Session Title: Osteoarthritis
Session Type: Abstract Submissions (ARHP)
Background/Purpose: The involvement of multiple joints is common in osteoarthritis (OA), often referred to as generalized OA (GOA). Individuals with GOA typically suffer from limitations of both upper and lower extremity function. However, existing instruments measuring functional limitations in OA focus on a specific localization; limiting their use in GOA. We hypothesized the Health Assessment Questionnaire Disability Index (HAQ-DI), originally developed for inflammatory arthritis, to be appropriate to measure functional limitations in GOA. Therefore we evaluated the measurement properties (content validity, construct validity and reliability) of the HAQ-DI in patients with GOA.
Methods: Data were used from a randomized clinical trial comparing the effectiveness of two multidisciplinary treatment program for patients with GOA. 137 patients completed a standardized set of questionnaires before and directly after treatment. The measurement properties of the HAQ-DI were assessed according the Consensus Based Standards for the Selection of health Status Measurement Instruments Checklist. Floor and ceiling effects for each HAQ-DI category at baseline were considered present if >15% of patients scored the worst (3) or best (0) possible score. For the content validity, 17 health professionals experienced with GOA were asked to judge the relevance of each HAQ-DI item. Construct validity was assessed by computing associations (Pearson r) between HAQ-DI scores and scores on other clinical (un)related measures. Reliability was assessed by Cronbach’s alpha and intra-class correlation coefficient (ICC). The minimal important change (MIC) score was calculated using an anchor based method.
Results: Of 137 patients (mean age 60(SD 8) years; (85%) female), 93% reported to have complaints in both the upper and lower extremities. Floor and ceiling effects were present: 20%-30% of patients reported the best possible score on the HAQ-DI categories eating, dressing and gripping; 16% reported the worst possible score on the category hygiene. The content validity was questionable since according to the health professionals the HAQ-DI encompasses 9 (out of 20) activities that are not relevant or too easy to perform for GOA patients. Construct validity was rated positive given the moderate to strong associations with related constructs and weak associations with unrelated constructs. Cronbach’s alpha was 0.90, confirming internal consistency and the ICC was 0.81, reflecting good reliability. The MIC was 0.25 points and the smallest detectable change was 0.60 indicating that important changes cannot be distinguished from measurement error in individuals.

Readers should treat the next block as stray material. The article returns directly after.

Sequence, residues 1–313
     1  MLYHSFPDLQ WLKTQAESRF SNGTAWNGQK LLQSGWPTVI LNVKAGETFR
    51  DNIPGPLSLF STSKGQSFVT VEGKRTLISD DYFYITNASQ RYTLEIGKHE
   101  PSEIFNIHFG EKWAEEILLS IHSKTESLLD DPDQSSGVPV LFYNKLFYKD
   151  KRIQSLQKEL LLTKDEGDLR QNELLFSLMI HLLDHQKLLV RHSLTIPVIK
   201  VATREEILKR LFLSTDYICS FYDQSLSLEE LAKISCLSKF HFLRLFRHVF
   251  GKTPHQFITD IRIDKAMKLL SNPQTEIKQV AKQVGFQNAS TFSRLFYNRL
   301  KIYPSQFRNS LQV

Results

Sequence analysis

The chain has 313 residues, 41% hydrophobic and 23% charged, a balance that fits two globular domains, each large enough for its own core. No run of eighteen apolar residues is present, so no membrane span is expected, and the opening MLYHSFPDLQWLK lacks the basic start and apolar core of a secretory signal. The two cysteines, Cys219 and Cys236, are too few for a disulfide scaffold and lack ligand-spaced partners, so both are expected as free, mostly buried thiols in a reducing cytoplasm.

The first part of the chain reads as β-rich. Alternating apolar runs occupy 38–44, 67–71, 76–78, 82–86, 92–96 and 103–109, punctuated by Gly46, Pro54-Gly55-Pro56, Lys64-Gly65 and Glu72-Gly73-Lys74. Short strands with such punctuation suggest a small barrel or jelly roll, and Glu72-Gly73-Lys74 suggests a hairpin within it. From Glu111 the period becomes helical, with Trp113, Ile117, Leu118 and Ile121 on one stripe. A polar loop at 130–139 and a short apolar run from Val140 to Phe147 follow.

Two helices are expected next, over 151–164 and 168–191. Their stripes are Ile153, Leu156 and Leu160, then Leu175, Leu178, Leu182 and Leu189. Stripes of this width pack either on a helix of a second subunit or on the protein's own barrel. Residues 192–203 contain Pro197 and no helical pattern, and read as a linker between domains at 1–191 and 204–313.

Conclusion: The HAQ-DI showed a good construct validity and reliability to measure functional limitations in patients with GOA. Given the unsatisfactory content validity, we recommend an update of the HAQ-DI items when using the HAQ-DI in future clinical practice and research focusing on functional limitations in GOA. This update might also be worthwhile for RA and all other rheumatic diseases.
E. A. M. Mahler,
T. Vliet Vlieland,
C. H. M. van den Ende,
« Back to 2014 ACR/ARHP Annual Meeting
ACR Meeting Abstracts - https://acrabstracts.org/abstract/measurement-properties-of-the-health-assessment-questionnaire-disability-index-haq-di-in-patients-with-generalized-osteoarthritis-goa/